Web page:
Forum Q&A's, Studio Business

Forum Q&A: Health Insurance for Self-Employed Music Teachers

Our last Forum Q&A post was sharing about the first piano you learned on as a child.  It was fun hearing your piano stories!

pitr_First_aid_iconIt’s time for a new Forum Q&A topic.  This one is an important topic for any self-employed music teacher to consider: Health insurance!

Do you pay for your own health insurance out-of-pocket, or does your spouse’s job provide insurance for you?  If you are paying for health insurance out-of-pocket, did you find insurance through the services partnered with MTNA, or through another source?  Does your insurance only cover major medical, or does it cover annual check-ups, etc.?  Do you feel that your health insurance adequately covers what your needs?  Is the premium reasonable, and is the co-pay/co-insurance reasonable?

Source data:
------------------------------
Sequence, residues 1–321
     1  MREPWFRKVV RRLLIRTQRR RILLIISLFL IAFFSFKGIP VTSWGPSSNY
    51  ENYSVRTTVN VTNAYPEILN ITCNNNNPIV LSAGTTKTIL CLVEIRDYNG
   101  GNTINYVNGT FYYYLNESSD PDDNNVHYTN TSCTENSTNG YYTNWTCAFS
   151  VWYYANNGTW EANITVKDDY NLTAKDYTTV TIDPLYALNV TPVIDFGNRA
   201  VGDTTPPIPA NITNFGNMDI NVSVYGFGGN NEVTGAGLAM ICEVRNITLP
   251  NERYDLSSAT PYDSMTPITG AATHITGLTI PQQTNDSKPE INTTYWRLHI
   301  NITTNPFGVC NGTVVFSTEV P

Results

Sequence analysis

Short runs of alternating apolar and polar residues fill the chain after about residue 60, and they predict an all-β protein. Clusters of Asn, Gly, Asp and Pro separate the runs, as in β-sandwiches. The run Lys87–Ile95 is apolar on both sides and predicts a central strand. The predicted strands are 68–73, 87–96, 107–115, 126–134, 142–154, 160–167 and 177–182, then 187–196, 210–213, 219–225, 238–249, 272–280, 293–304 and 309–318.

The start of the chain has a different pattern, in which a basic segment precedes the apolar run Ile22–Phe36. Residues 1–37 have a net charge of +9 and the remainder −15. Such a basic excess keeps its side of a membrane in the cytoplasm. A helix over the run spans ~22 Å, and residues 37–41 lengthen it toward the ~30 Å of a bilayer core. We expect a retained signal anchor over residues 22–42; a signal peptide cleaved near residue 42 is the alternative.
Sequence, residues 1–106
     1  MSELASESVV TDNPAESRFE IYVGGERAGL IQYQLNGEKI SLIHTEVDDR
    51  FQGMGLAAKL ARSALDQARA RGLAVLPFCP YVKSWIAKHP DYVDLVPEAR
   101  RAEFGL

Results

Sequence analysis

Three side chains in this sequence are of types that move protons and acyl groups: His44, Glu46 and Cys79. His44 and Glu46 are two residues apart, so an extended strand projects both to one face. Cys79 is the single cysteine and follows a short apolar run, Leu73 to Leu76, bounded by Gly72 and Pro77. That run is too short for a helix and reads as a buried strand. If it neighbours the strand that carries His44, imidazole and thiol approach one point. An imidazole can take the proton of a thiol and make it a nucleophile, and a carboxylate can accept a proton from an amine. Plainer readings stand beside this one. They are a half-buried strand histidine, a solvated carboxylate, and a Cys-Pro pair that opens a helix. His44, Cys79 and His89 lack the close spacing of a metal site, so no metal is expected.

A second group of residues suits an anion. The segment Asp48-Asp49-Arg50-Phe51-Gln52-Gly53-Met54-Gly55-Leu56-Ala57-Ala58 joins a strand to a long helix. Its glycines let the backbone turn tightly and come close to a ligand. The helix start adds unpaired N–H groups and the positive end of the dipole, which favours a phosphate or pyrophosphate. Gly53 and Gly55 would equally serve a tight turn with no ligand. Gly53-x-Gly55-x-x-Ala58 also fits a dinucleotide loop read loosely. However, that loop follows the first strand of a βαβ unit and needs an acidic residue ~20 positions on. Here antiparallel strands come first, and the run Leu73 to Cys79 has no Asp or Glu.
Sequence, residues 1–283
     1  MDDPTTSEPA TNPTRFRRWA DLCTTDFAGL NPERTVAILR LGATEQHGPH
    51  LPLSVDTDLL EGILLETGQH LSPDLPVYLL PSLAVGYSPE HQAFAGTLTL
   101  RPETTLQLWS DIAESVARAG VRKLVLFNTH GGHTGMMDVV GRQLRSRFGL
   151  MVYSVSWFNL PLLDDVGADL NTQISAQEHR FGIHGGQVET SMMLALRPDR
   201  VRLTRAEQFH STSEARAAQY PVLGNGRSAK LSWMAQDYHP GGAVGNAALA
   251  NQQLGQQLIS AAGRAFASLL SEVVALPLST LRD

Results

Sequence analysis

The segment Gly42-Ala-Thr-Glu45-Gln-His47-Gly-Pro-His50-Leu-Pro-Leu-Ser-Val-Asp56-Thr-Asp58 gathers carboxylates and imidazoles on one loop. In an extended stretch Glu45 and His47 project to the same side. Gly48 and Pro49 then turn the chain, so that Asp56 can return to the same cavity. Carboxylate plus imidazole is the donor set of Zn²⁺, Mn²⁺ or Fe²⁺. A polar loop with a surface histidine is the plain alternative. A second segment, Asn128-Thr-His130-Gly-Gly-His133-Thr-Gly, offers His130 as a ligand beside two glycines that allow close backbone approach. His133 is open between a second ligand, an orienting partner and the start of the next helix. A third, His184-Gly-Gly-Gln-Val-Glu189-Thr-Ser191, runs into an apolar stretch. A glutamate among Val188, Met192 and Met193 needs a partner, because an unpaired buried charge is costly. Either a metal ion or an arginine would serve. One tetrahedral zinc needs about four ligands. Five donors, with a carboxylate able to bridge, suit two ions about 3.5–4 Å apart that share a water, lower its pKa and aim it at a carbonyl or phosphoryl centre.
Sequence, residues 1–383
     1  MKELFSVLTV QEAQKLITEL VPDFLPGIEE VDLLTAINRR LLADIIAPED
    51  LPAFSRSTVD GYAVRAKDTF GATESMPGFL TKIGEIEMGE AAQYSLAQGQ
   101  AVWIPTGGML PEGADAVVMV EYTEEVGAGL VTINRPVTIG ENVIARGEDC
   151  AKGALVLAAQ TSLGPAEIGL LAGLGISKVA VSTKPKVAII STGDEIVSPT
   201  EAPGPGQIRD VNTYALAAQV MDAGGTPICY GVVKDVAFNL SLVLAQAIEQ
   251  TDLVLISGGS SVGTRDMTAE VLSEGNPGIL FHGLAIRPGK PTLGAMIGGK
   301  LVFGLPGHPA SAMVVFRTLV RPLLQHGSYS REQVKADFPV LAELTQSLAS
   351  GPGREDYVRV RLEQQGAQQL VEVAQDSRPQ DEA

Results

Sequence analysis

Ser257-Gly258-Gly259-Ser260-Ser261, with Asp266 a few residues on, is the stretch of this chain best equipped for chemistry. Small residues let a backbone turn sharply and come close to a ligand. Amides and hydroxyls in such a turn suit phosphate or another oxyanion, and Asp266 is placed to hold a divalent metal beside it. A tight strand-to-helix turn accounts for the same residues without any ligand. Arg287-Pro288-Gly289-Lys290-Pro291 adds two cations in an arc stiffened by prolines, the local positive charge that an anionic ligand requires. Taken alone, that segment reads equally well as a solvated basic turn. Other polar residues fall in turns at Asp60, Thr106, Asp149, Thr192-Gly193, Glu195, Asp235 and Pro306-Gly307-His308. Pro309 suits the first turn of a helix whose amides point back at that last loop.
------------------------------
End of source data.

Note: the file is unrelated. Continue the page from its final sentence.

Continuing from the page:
I’ll admit that this topic is timely for me, because I am currently shopping for health insurance.  As I’ve been researching health insurance, I found it very interesting to learn how difficult it can be for self-employed individuals (of any career) in the United States to find both adequate and affordable coverage, especially for those who have “pre-existing conditions.”

This is a topic definitely worth discussing.  I hope you’ll all take a moment to leave a comment below to share your experience!

19 thoughts on “Forum Q&A: Health Insurance for Self-Employed Music Teachers”